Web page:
Investigating Claims of Sexual Harassment
As you likely know, Massachusetts mandates that all employers, employment agencies and labor organizations with six or more workers have a specific sex-harassment policy in place. The legislature enacted this law to promote a workplace free from sexual harassment.
Once a complaint of sexual harassment is filed, what is the employer’s responsibility? Below I address some of the Do’s and Dont’s of investigating allegations of sexual harassment.
It should be noted, an employer has a duty to investigate when an employee files a sexual harassment complaint. However, even before receiving an actual complaint, prudence requires that employers identify instances of harassment, protect future victims, avoid liability and maintain an enjoyable work environment.
If a complaint is received, how should the employer proceed? First, obtain a copy of the company’s sexual harassment policy. Then obtain copies of any written acknowledgement that the person complaining and the accused have read and understood the policy. Thereafter, document to whom and when the complaint was made. Determine if the complaint was made following established policies and procedures, and if not, why. Make sure that you have the complaining person’s complete version of the facts, for example, all the dates of harassment, witnesses, and so forth. Identify when and where the sexual harassment policy is posted in the work area. Determine whether awareness training has been conducted, and if so, secure any attendance lists associated with the training. Secure a current organizational chart and, if different, an organizational chart for the time period involved in the complaint.
You need to choose an appropriate investigator. One who is neutral and objective, capable and properly trained, who understands the role and issues under investigation and who is a credible and effective witness should the matter need to be supported at a judicial hearing. You may consider an outside investigator or an investigation by an attorney or by a professional under an attorney’s direction.
Plan to conduct a detailed investigation that gathers detailed evidence of the circumstances and nature of any complaints or protests. The investigation should begin with identifying documents to be reviewed. These would include a review of the complaint, company rules and policies, statements from witnesses, physical evidence, relevant business records such as time cards, calendars, logs, etc., personnel files, and prior complaints and investigations. You also need to identify potential interviewees, the order of such interviews, where the interviews will be conducted and the format for recording information.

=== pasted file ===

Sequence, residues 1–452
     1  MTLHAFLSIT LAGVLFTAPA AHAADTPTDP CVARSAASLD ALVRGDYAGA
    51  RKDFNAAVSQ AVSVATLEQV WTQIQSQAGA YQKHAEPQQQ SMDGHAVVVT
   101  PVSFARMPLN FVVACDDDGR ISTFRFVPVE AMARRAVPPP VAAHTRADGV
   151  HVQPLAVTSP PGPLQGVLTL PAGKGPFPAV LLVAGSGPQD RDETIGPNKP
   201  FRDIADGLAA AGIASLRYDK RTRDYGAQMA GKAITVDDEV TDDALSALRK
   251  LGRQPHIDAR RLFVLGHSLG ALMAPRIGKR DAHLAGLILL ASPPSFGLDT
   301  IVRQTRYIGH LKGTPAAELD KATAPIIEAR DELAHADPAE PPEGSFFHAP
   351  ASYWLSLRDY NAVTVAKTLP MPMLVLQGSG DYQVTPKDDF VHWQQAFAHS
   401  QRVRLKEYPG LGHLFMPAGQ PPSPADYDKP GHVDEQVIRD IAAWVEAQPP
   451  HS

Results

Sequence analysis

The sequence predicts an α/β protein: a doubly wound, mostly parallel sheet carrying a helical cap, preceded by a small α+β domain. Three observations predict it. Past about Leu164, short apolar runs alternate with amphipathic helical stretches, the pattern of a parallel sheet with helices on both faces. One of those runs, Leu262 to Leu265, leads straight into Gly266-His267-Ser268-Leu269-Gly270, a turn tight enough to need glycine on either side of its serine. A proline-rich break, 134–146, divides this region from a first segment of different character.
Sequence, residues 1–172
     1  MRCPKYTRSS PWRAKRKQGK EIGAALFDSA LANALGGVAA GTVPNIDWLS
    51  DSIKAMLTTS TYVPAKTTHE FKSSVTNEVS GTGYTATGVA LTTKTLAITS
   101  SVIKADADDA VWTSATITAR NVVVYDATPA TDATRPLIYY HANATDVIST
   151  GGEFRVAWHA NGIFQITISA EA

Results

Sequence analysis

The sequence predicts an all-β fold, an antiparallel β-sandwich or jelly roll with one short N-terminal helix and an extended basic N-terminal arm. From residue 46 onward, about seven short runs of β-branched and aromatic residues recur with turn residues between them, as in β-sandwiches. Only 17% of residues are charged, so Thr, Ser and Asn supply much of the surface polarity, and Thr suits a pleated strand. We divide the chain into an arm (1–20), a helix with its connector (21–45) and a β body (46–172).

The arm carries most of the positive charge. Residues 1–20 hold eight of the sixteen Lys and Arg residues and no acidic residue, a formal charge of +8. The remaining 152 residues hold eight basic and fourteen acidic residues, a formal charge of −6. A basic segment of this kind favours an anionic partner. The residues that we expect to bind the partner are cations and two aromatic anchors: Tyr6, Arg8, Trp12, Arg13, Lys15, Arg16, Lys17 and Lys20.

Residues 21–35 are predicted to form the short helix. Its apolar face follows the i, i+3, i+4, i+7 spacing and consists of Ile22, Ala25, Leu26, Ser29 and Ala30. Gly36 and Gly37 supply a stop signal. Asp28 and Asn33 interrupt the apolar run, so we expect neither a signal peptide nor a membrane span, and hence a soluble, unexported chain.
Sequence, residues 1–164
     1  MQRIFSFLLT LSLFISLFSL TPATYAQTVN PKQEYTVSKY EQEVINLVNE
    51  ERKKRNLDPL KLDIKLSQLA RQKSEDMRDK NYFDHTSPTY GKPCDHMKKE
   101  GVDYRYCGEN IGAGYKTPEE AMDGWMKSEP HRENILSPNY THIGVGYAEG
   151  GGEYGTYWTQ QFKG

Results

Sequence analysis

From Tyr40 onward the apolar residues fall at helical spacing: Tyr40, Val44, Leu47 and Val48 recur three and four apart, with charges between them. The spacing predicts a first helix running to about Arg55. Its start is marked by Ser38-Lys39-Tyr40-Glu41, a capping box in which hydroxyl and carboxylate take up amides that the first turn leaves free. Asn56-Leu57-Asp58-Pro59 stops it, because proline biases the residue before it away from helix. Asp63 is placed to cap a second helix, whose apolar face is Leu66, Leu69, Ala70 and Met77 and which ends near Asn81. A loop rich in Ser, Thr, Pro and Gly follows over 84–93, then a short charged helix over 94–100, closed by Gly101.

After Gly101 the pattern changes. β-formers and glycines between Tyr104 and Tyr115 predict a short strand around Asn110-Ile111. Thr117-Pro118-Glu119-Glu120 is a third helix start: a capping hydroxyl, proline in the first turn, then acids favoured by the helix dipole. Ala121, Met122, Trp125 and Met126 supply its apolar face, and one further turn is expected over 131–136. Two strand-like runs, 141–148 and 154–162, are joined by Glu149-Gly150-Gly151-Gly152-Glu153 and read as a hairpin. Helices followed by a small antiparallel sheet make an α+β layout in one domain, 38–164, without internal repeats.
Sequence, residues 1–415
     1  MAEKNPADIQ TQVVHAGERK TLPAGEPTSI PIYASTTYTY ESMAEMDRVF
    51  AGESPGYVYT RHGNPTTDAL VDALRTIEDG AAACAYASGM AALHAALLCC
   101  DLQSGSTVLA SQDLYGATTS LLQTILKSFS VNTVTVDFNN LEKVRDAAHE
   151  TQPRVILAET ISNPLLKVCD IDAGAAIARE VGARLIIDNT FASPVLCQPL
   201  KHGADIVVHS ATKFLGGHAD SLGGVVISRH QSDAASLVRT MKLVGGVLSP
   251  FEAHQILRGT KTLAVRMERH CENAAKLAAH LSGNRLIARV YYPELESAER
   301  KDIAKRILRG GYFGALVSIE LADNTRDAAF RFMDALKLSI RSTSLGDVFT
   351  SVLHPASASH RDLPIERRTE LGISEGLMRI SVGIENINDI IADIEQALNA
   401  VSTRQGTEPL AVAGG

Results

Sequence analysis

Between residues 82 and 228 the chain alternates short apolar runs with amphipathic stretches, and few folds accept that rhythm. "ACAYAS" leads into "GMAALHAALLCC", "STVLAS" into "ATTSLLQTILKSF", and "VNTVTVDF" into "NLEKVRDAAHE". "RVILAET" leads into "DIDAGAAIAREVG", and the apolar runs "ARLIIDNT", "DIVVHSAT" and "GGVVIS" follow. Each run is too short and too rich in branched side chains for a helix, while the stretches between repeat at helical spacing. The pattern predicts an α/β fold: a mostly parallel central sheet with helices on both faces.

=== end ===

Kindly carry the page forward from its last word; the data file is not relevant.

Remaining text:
When documenting, try to preserve what is called the work-product privilege if possible, by labeling such documents “attorney work-product”. Of course, this can only be done if it is the case. Do not document an investigator’s opinion or conclusion, including conclusions about credibility. Do not document conclusions regarding the merits of the complainant’s charge in the investigation report; instead, objectively recite the fact-finding process. Do not mention any communications with counsel in documents in order to preserve the attorney-client privilege of the communications.
After the investigation, the employer should take immediate and appropriate corrective action by doing whatever is necessary to end the harassment, make the victim whole by resorting lost employment benefits or opportunities, and prevent the misconduct from recurring.
After the investigation, hopefully the employer can determine the merits of the complaint. If so, the employer’s role is easy as it has identified the “problem” and can take corrective measure. If however, the investigation is inconclusive, the employer must assure the complainant that although no finding could be made on the claim, the employer intends to protect him/her and all employees against unlawful harassment and retaliation. Further, advise the alleged wrongdoer that although the truth of the claim has not been determined, all employees are expected to comply with the company policy, including policies against harassment and retaliation. If harassment was found to occur there are a host of remedies available to the employer depending on the severity of such harassment. There are of course actions the employer may consider if there have been false accusations.
This article addresses a basic format employers could consider when investigating a claim of harassment, however, it is merely an outline format and certainly non-inclusive of all the options and recommendations employers should/could take in a given circumstance.
Harassment claims must be taken seriously by the employer and dealt with professionally and promptly.